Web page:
by Jamie Fletcher on May 25, 2011 in Gaming
A war is brewing. Monarchs, Lords and Nobility squabble away over fractured lands, the Mages fight amongst themselves, deception runs rife, corrupt officials, over-taxation and a world full of monsters to cast asunder – Geralt of Rivia is back, in The Witcher 2: Assassins of Kings.
Combat mechanics have been changed a fair amount. No longer must you rest your hand over Z-X-C for combat styles, flicking between swords while juggling the right Sign to cast.
Fast style is now the left mouse button and Strong style is the right mouse button. Group style was rescinded and is now an ability you can unlock in the character development screen. You don’t have to time attacks to continue a combo anymore either, but you still need to juggle those Steel and Silver swords.
The camera is the free movement type. Under general running around and dialogue, it remains fairly close to Geralt; when things turn ugly, then it pulls out, providing a wider field of view. Progressing through the game also allows you to take control of other characters throughout the story, which can be a little disorienting at first.
However, it’s not a simple button mash now, as you still need to think on your feet in a fight. Block/Parry is a new action, allowing you to block attacks to begin with, but later on can be upgraded to parry, arrow deflection, and eventually counter attack. This consumes vigor (equivalent of mana) per hit, and in a group attack situation, can completely deplete your vigor in less than a second for little gain. A dodge roll can be performed with either the space bar or double-tap of WASD.
Nearly all Signs (magic) are given to you straight away in their basic form, you don’t have to pick them up from stones or some such to learn them like the original. Signs are triggered with the Q key and you can either select them via keys 4-9 or by the new quick-menu system by holding CTRL.
The quick-menu allows you to meditate, select Signs or use pocketed items like bombs, traps and daggers. It also slows the game down, rather than pausing, so you have to be careful.
Combat strategy has been taken up a notch for sure – even on the easiest setting, The Witcher 2 can be a ruthlessly unforgiving game; not quite Demon’s Souls, but certainly enough to cause aggravation. This is especially true during the first chapter, where Nekkers and Drowners can charge towards you in packs of 6 or more with no decent weapons or armor to defend yourself. By the second chapter, this becomes less of an issue as the decent kit starts to come in. As the difficulty is increased, the game turns into a real challenge as mobs can take you out with just a couple blows, increasing your reliance on traps, bombs, Signs and alchemy to survive.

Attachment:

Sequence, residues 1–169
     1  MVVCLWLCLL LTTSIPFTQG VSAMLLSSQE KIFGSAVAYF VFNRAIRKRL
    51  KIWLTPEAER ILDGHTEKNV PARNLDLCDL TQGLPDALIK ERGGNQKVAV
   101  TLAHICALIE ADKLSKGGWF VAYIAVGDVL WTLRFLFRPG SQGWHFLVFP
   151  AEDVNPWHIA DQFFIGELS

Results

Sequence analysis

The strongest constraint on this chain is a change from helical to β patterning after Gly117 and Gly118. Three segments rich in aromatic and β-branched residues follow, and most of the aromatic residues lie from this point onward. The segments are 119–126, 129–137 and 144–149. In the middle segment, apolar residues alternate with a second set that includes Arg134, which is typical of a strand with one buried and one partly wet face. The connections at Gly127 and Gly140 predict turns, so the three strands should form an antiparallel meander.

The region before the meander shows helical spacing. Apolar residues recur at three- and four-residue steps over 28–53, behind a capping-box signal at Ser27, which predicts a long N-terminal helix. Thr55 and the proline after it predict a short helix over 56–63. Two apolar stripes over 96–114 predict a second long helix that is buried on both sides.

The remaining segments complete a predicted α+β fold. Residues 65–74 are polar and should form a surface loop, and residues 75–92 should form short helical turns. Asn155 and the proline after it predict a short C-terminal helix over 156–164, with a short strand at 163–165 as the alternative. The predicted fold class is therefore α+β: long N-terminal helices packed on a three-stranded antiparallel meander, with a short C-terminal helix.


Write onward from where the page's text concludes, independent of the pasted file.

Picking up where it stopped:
However, there are a number of instances that many will call fowl over; such as how 2 guards with halberds can pummel you repeatedly with no way of dodging, blocking or casting since they repeatedly knock you down. The reverse is true too; have a slow opponent and you can spam the Fast or Strong style with the odd Aard Sign and they’ll never be able to make a comeback. But when you are surrounded and get caught in the middle of a 4 on 1 because you forgot to lay traps, might as well reload a save and try again.
There are arguably still kinks to work out, such as weapon collision detection issues, namely with the group attack ability, as enemies standing directly in front of you are unaffected, but those who are a couple feet away and to the side, are hit.
The inventory system has ditched the item slots and moved to a weight-based system. For the most part, this is can be a frustration as item weights can be inconsistent – books weigh nothing yet item diagrams and formulas do. Plants weigh nothing but diamond dust does… leather, timber and iron ore all weigh the same… needless to say, you’ll be spending a fair amount of time partaking in inventory management.
Speaking of diagrams and formulae, welcome to the new crafting system! Alchemy is no longer guesswork but dictated by the available formula you find and purchase. Creating armor, traps, bombs and weapons requires diagrams. While each diagram/formula may list what each requires, it’s after a painfully long pause as you wait for it to scroll into view, usually resulting in frequent trips to crafters to see what each item actually requires at a glance. It is not the most elegant of solutions, but does lend to a certain amount of customization, especially with regard to item enhancements.
Also under the rework hammer comes the skill/ability tree. Each level gains you a point to spend with three major ‘paths’ to follow. What is not immediately obvious, unless you are fond of reading, is that you need to spend at least 6 points in the training path (top), in order to unlock the Magic, Sword and Alchemy paths. You are free to pick whichever skills you like and can mix and match them as you go.
Progressing far enough into one tree can unlock adrenaline abilities which are powerful skills or a Sign that can be unleashed, providing an edge in a fight. Certain abilities can also be upgraded further with Mutagens, items that can be found from monsters or created as a result of Alchemy.